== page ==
Rare (less than 0.1%): Bruxism, saliva discoloration, glossodynia, hiccups, trismus, burning tongue sensation

Frequency not reported: Heartburn[Ref]

Cardiovascular

Common (1% to 10%): Ischemic events, orthostatic hypotension, peripheral edema, hypertension, syncope, irregular heart rate, hypotension

Uncommon (0.1% to 1%): Palpitations, phlebitis

Frequency not reported: Chest pain, myocardial infarction[Ref]

Cardiovascular ischemic events occurred in 2.4% (7 of 289) patients receiving carbidopa-levodopa extended-release capsules compared to 1.1% (1 of 92) of patients receiving placebo in early Parkinson's disease clinical trials. In advanced Parkinson's disease, 0.7 % (3 of 450) patients experienced cardiovascular ischemic events. These patients had a previous history of ischemic heart disease or risk factors for ischemic heart disease.[Ref]

Dermatologic

Common (1% to 10%): Excessive granulation tissue, rash, contact dermatitis, hyperhidrosis, pruritus

Uncommon (0.1% to 1%): Alopecia, erythema, urticaria

Rare (less than 0.1%): Sweat discoloration, angioedema

Postmarketing reports: Henoch-Schonlein purpura[Ref]

Local

Very common (10% or more): Insertion site complication, incision site erythema (19%), post-operative wound infection

Common (1% to 10%): Incision site cellulitis, post procedural infection, device dislocation, device occlusion

Uncommon (0.1% to 1%): Postoperative abscess, bezoar, ischemic colitis

Postmarketing reports: Gastric perforation, gastrointestinal perforation, small intestinal ischemia, small intestinal perforation[Ref]

Insertion site complication was reported in 57% of patients who received this drug compared with 44% of patients who received a PEG-J tube without receiving treatment. The most common adverse reactions associated with naso-jejunal (NJ) insertion were oropharyngeal pain, abdominal distention, abdominal pain, abdominal discomfort, pain, throat irritation, gastrointestinal injury, esophageal hemorrhage, anxiety, dysphagia, and vomiting. The most common adverse reactions associated with PEG-J insertion included upper abdominal pain, duodenal ulcer, duodenal ulcer hemorrhage, erosive duodenitis, erosive gastritis, gastrointestinal hemorrhage, intussusception, peritonitis, post-operative abscess, and small intestine ulcer.[Ref]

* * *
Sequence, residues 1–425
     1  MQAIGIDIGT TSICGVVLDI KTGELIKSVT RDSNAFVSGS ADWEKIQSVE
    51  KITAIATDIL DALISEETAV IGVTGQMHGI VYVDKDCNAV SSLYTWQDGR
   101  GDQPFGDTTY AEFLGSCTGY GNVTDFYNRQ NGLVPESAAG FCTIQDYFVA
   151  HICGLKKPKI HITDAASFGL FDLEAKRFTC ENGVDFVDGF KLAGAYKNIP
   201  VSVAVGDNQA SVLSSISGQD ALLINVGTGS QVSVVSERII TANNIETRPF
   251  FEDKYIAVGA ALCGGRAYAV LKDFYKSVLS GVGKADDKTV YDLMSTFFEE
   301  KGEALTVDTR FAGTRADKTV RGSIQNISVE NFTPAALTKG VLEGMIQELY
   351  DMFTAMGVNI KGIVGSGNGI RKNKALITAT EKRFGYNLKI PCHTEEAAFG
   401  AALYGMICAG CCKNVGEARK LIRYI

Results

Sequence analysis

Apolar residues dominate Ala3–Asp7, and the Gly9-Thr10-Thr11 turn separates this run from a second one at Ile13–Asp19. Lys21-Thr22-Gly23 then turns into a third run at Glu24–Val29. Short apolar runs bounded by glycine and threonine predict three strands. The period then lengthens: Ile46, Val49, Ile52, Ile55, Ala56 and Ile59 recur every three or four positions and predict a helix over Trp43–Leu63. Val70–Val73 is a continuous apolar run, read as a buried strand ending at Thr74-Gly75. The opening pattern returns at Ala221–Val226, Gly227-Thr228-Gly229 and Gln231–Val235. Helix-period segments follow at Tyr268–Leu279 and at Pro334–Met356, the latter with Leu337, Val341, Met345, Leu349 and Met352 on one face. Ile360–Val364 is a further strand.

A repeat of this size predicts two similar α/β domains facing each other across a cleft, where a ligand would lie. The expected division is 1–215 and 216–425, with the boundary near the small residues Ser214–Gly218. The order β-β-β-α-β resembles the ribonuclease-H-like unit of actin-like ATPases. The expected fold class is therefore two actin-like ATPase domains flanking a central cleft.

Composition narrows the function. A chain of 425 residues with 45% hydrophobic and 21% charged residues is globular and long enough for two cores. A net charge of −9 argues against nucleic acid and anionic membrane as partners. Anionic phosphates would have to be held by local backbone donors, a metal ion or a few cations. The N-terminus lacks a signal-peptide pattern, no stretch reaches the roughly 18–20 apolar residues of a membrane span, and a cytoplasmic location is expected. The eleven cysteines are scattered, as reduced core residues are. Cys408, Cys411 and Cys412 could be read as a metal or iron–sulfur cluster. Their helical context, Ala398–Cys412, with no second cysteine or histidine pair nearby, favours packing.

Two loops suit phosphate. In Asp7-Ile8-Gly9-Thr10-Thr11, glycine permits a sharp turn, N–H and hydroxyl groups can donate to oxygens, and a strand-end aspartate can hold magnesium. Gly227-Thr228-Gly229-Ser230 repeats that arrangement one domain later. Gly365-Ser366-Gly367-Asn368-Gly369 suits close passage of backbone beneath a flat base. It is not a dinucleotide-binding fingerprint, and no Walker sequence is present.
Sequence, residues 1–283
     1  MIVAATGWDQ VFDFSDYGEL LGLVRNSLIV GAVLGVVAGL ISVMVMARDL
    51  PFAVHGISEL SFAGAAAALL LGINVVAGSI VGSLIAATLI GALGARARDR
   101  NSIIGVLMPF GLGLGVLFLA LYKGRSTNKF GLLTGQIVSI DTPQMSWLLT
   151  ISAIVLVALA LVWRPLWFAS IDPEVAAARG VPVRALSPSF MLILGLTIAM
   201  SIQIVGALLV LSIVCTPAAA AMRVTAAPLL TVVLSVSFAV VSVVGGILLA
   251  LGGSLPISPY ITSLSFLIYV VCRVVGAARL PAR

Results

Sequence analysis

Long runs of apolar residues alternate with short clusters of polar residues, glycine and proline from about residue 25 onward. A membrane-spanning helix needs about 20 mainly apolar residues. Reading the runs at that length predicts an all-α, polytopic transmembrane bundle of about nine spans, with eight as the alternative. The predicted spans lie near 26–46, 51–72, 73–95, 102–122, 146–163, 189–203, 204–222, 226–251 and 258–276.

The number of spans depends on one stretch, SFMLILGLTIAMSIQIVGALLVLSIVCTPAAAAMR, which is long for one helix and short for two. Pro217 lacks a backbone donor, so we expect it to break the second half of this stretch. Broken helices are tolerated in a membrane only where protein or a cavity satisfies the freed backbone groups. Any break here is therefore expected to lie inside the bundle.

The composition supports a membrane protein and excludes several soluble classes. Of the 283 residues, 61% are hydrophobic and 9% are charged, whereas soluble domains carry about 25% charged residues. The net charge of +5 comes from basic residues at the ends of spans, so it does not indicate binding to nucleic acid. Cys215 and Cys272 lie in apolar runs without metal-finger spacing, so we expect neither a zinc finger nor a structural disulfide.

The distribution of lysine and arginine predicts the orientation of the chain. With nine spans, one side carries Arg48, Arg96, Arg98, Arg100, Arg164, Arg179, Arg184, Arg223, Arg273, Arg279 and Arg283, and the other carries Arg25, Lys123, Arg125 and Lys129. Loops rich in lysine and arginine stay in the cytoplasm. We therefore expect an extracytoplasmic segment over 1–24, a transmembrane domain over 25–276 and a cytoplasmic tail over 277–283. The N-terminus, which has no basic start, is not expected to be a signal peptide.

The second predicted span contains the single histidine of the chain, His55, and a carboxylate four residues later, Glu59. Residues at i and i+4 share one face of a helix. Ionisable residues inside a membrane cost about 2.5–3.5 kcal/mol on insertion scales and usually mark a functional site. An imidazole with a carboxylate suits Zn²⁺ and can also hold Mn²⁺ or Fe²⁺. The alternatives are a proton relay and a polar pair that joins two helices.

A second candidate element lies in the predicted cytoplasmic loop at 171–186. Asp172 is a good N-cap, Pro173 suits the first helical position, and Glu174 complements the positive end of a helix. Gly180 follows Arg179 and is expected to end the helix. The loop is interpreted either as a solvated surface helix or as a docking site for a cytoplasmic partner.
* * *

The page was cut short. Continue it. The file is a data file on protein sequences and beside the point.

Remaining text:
Hypersensitivity

Postmarketing reports: Anaphylactic reaction, bullous lesions[Ref]

Respiratory

Common (1% to 10%): Upper respiratory tract infection, atelectasis, dyspnea, aspiration pneumonia, oropharyngeal pain

Uncommon (0.1% to 1%): Dysphonia, hoarseness

Rare (less than 0.1%): Abnormal respiration

Frequency not reported: Bizarre breathing pattern[Ref]

Hepatic

Frequency not reported: Elevated alkaline phosphatases, AST, ALT, LDH, and bilirubin[Ref]

Renal

Frequency not reported: Elevated serum urea and creatinine[Ref]

Other

Very common (10% or more): Asthenia, fatigue

Common (1% to 10%): Pyrexia, malaise

Frequency not reported: Hot flashes[Ref]

Genitourinary

Common (1% to 10%): Urinary tract infection, urinary incontinence, urinary retention

Uncommon (0.1% to 1%): Urinary frequency

Rare (less than 0.1%): Priapism[Ref]

Hematologic

Common (1% to 10%): Anemia

Uncommon (0.1% to 1%): Leukopenia, thrombocytopenia

Rare (less than 0.1%): Hemolytic anemia

Very rare (less than 0.01%): Agranulocytosis

Frequency not reported: Positive Coombs test, reduced hemoglobin and hematocrit[Ref]

Metabolic

Very common (10% or more): Decreased weight

Common (1% to 10%): Anorexia, increased weight, vitamin B6 deficiency, vitamin B12 deficiency

Frequency not reported: Elevated blood sugar

Postmarketing reports: Folic acid deficiency[Ref]

Musculoskeletal

Common (1% to 10%): Back pain, shoulder pain

Uncommon (0.1% to 1%): Muscle cramps, neck pain

Frequency not reported: Muscle twitching, leg pain[Ref]

Ocular

Uncommon (0.1% to 1%): Blepharospasm, diplopia, optic ischemic neuropathy, blurred vision

Rare (less than 0.1%): Mydriasis, oculogyric crisis, activation of a latent Horner's syndrome[Ref]

Oncologic

Rare (less than 0.1%): Malignant melanoma[Ref]

Frequently asked questions

References

1. "Product Information. Sinemet (carbidopa-levodopa)." DuPont Pharmaceuticals (2001):

2. "Product Information. Sinemet CR (carbidopa-levodopa)." DuPont Pharmaceuticals (2001):

3. "Product Information. Parcopa (carbidopa-levodopa)." Schwarz Pharma (2004):

4. Cerner Multum, Inc. "UK Summary of Product Characteristics." O 0

5. Cerner Multum, Inc. "Australian Product Information." O 0

6. "Product Information. Rytary (carbidopa-levodopa)." Impax Generics (2015):

7. "Product Information. Duopa (carbidopa-levodopa)." AbbVie US LLC (2015):

Further information

Always consult your healthcare provider to ensure the information displayed on this page applies to your personal circumstances.

Some side effects may not be reported. You may report them to the FDA.